Don (PMN): Yea, so where do you draw the line then between price and cost?
Dave (HR): Well to me, you know again this real market, people are getting great care and great outcomes and the physicians, surgery centers and so on are very happy and thriving economically and so there’s a fair trade if you will, between the two parties in the kind of this rigged sort of PPO market. Both parties aren’t satisfied, one is massively profiting while the other is getting bankrupted.
Don (PMN): Sure, I know that you’ve written a lot about the opioid crisis. You’ve written a book about the opioid crisis. If you could, can you summarize your thoughts on how you feel the opioid crisis came about, and what actions our listeners can take to help break this cycle and avoid another crisis coming down the pike.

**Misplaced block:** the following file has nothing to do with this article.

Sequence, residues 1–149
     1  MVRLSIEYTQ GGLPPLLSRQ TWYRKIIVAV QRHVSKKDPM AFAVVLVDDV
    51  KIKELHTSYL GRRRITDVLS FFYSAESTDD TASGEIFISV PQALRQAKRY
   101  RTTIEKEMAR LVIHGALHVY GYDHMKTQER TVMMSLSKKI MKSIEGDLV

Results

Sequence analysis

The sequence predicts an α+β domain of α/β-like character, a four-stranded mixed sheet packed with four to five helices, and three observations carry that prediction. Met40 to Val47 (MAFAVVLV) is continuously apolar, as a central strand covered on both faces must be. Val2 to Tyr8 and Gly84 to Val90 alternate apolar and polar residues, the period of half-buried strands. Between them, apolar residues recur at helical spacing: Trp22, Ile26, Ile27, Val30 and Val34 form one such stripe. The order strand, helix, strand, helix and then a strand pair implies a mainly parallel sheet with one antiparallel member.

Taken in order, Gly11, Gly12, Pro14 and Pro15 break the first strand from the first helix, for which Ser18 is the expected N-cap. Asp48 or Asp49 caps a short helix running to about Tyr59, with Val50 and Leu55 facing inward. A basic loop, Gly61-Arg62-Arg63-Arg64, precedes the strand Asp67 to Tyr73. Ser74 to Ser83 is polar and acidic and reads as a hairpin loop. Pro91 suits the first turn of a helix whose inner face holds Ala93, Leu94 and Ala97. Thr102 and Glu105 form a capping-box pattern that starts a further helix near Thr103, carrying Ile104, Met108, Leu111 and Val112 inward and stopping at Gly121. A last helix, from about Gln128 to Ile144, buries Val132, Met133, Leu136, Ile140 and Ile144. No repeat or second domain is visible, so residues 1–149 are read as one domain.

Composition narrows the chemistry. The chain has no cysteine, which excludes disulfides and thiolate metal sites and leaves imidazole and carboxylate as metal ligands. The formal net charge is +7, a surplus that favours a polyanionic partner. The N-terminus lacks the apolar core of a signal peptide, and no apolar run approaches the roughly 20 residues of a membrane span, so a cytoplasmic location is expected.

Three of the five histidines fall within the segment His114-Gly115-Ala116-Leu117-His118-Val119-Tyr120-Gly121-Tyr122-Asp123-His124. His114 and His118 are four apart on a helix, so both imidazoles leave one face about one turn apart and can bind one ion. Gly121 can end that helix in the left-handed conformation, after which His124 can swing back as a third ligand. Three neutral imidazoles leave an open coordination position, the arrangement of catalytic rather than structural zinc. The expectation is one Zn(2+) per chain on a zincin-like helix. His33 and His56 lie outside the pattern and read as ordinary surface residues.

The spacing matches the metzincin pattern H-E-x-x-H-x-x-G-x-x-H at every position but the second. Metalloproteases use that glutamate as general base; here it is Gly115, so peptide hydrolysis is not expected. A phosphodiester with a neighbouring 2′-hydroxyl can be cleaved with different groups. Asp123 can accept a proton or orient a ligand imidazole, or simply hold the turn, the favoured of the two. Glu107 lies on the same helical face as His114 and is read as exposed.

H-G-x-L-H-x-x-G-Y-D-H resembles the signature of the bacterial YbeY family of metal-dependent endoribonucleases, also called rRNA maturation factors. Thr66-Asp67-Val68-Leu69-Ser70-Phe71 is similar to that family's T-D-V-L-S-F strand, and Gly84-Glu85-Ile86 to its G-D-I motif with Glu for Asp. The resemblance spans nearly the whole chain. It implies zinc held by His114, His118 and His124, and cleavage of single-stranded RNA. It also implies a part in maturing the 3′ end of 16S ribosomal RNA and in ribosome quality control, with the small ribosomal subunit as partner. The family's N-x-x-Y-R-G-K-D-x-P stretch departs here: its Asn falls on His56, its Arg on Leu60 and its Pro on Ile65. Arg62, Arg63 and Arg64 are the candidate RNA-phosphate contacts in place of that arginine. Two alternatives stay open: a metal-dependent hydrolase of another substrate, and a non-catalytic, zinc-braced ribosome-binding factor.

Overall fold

Dave (HR): Yeah, I mean I would try to summarize it maybe by an example and sort of high-level address it in terms of the last book I wrote, called ‘The Opioid Crisis Wake-up Call,’ and it looks at the broad dysfunction in our healthcare system through the prism of the opioid crisis and the basic thesis is, the opioid crisis is an anomaly, it is our healthcare system and it outlines how there’s twelve major drivers at least that I found on the opioid crisis. It’s unfortunately being greatly oversimplified by media and government and 11 of the 12 major drivers, the employer is the key unwitting enabler, you know, there’s the expression ‘every addict needs an abler.’ Well unwitting is certainly the key word here, they’re not intending to do this but their actions or inactions have led to that and the way I would kind of summarize it, is by way of example with lower back pain, because it kind of captures what’s going on more broadly. So lower back pain, you know, that’s the second most common reason people go to the doctor after cold and flu and it’s the number one driver of disability and it’s the number one driver of opioid prescriptions, even though there’s essentially zero evidence that it’s the most effective method for caring for lower back pain. At best, it masks short-term pain while the underlying problem exists. It may be like we’re driving down the road and suddenly my car is making horrible noises. I could crank up the radio and drown out that sound but the underlying problem with the car doesn’t get fixed.